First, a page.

The English merchants here, though hospitable and friendly, cannot enjoy much society. A recent importation of English ladies has swelled the amount of these links of social hap piness to twelve, and another shortly expected will complete the baker's dozen. It is an astonishing fact (considering they are English) that these ladies are not all at daggers drawn with one another. Indeed, as the Portuguese arc too poor to associate much with the English, our fair countrywomen are obliged to keep on tolerable terms with each other - a sod and cruel necessity, no doubt. The English merchants feel very unsettled while awaiting the decision of the home govern ment respecting the permanent occupation of Hong Kong. The majority are, I think, in favour of the latter place as the seat, or rather depot, of their trade. On the other hand, some, considering the vicinity of Macao to the Canton river, dwell on the advantages of adhering to the established order of things. The fact is, the merchants are splendidly housed here, though only as renters: otherwise the superior advantages of living under their own government, and having such a harbour as that of Hong Kong, would be unanswerable arguments in favour of the latter place. (...)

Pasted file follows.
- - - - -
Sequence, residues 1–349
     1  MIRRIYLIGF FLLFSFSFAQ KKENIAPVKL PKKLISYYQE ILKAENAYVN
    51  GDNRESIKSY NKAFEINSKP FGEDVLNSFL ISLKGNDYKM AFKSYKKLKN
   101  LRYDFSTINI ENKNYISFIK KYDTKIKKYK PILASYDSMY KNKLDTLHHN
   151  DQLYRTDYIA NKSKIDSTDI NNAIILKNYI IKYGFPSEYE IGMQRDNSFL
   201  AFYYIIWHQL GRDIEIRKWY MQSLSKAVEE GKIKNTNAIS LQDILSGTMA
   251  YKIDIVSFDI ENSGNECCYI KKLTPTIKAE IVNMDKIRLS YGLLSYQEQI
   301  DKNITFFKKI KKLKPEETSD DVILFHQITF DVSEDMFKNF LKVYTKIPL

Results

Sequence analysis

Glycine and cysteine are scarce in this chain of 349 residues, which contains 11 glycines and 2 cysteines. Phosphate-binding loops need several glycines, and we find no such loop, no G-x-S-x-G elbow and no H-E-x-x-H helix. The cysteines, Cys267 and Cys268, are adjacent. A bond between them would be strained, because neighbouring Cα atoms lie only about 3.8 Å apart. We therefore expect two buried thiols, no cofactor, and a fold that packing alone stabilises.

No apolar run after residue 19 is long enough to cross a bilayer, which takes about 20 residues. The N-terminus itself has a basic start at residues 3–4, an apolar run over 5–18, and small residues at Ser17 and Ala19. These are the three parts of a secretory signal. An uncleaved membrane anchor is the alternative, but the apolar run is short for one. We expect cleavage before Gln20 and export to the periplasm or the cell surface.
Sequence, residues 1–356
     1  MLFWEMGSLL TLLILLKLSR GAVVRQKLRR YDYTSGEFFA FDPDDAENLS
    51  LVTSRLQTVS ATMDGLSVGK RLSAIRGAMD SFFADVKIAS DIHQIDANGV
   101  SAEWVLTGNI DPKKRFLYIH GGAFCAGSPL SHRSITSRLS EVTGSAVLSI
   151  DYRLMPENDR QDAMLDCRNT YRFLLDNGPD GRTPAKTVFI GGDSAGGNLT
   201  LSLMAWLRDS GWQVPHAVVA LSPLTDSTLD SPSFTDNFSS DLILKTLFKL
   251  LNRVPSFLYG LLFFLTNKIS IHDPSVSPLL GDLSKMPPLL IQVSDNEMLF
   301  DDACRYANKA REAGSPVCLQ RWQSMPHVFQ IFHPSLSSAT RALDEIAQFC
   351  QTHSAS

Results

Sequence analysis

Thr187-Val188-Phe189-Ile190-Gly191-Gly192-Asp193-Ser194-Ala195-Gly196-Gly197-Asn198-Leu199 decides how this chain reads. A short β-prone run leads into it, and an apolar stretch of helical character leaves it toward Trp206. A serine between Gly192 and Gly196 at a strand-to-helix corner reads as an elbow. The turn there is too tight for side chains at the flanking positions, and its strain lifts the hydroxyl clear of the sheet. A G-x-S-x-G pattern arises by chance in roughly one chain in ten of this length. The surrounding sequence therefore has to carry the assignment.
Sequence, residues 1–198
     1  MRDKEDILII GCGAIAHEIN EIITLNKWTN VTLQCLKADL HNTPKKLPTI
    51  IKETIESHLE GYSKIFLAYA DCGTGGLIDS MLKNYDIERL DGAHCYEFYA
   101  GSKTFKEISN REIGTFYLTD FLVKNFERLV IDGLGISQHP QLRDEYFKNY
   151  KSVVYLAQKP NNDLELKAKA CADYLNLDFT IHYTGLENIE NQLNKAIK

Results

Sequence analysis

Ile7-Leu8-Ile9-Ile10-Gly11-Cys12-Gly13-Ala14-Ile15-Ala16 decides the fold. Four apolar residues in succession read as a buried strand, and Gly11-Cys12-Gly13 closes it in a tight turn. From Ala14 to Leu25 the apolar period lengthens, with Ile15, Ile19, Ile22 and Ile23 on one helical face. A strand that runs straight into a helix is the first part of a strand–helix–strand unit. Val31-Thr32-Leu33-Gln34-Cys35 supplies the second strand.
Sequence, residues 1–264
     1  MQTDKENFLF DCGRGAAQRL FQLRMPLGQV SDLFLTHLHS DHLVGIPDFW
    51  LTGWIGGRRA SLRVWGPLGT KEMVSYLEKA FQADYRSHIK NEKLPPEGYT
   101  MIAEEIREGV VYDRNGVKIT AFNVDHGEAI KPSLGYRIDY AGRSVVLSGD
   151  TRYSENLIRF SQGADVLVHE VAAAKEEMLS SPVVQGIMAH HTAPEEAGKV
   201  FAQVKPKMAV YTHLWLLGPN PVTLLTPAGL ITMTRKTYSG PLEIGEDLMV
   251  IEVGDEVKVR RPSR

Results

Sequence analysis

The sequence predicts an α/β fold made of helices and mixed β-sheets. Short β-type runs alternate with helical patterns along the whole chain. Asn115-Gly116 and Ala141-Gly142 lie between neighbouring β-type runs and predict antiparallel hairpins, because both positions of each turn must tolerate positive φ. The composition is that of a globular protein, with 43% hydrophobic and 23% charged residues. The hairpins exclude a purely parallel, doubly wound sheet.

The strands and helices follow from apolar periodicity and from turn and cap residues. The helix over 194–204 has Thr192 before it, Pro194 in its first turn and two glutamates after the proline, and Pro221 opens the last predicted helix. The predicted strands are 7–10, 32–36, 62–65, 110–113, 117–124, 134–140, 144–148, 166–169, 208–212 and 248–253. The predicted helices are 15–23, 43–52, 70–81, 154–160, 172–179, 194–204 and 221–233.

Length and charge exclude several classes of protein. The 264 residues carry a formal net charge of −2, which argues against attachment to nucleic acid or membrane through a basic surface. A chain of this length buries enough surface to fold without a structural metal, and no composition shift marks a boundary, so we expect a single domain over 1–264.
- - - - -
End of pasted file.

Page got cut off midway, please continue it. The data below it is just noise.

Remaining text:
Letter X. Macao, 28th Oct 1841.